Why SMEs are encouraged to consider insurance solutions
Risks occur any time and for a business the exposure this gives you can be catastrophic. Most of Small Medium Enterprises (SME) build their businesses through blood and sweat but are often prone to disasters like fire and burglary which could wash away their sweat in record time.
Under the Micro and Small Enterprise Act of 2012, micro enterprises have a maximum annual turnover of sh500,000 and employ less than 10 people. Small enterprises have between sh500,00 and sh5 million annual turnover and employ 10-49 people. Medium enterprises are not covered under the act, but have been reported as comprising of enterprises with a turnover of between sh5 million and sh800 million and employing 50-99 employees.
In Kenya, SMEs create 80 percent of employment, stimulating demand for new goods and services. It has often been synonymous with the jua kali sector, the informal sector which is estimated to constitute 98 percent of business in Kenya, contributing 30 percent of jobs and 3 percent of Kenya’s GDP.
However, as the sector is often unstructured as it remains informal, so are the risks involved. For instance, fires have been a prevalent issue in many markets including Nairobi’s gikomba. In addition, the location of most of these businesses makes them prone to burglaries due to poor security infrastructure.
It has however been argued that only three SME’s for every 10 tend to hold risk solutions. This paints a gleam picture, contributing to lack of sustainability of the businesses. According to the Kenya National Bureau of Statistics (KNBS) close to half a million small enterprises in Kenya die annually as the business environment in the country gets bumpy.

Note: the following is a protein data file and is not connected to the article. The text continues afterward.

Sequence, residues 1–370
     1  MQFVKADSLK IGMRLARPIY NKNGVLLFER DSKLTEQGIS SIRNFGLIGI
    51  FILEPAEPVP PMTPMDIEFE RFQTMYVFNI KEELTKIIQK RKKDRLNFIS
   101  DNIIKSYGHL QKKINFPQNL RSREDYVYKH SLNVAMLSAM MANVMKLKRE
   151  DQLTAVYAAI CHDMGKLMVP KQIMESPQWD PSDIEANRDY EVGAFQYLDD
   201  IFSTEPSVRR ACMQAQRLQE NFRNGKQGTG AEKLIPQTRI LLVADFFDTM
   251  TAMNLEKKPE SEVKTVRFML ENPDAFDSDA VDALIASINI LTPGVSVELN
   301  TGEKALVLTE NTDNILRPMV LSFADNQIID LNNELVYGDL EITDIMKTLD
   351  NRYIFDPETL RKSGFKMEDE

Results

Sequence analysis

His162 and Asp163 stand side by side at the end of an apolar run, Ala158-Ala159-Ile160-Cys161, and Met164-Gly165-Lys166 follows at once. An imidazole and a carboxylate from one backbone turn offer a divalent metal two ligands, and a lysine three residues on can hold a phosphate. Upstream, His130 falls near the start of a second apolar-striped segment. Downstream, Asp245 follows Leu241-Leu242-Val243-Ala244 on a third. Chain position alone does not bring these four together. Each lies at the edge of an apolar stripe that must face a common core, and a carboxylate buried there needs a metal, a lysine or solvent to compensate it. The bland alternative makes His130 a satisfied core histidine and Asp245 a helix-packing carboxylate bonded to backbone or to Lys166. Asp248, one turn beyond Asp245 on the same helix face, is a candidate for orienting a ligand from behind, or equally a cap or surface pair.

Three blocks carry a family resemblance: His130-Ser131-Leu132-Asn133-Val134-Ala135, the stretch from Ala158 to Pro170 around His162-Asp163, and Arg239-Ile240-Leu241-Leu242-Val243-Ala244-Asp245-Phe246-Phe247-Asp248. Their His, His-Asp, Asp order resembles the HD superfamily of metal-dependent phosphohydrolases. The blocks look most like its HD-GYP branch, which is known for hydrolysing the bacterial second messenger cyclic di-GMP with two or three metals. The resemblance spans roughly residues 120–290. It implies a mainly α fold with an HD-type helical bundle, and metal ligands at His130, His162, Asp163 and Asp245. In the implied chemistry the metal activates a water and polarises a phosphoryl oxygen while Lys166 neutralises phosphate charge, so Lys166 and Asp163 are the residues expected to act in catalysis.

Notwithstanding tough economic environment in the country, the fewer resources available to SMEs, like credit, mean that their growth will be slow. Internally also, poor financial literacy among upcoming entrepreneurs means that they are unaware of ways they can hedge some risks to sustain their businesses and livelihoods.
However, insurance firms have many products designed to protect the SME entrepreneurs’ assets, employees and liabilities against day-to-day business operation risks.
Insurance schemes for business are informed by the need to protect;
* Physical damage to your property or equipment.
* Injuries or illnesses sustained by you or your employees.
* Liability as a result of damages caused by you.
Certainly, the business continuity and competitiveness of businesses rests on an entrepreneurs’ capacity to favorably consider an optimum mix of risk management solutions
Such risk solutions include medical covers and pension. A boon to this would be the ability to attract and retain quality staff. The learning curve in small businesses is tough because almost every employee has a tangible means to contribute to growth and learn through trial and error. This is hardly a possibility in big companies where structures and systems are set and often rigid.
Insurance companies like APA can be an option for consideration as they provide these solutions including health cover, motor comprehensive insurance and accident cover. In addition, group pension is also available for staff.
When considering which insurance company, cost is something to think wisely about because available resources are thinly spread within the business.
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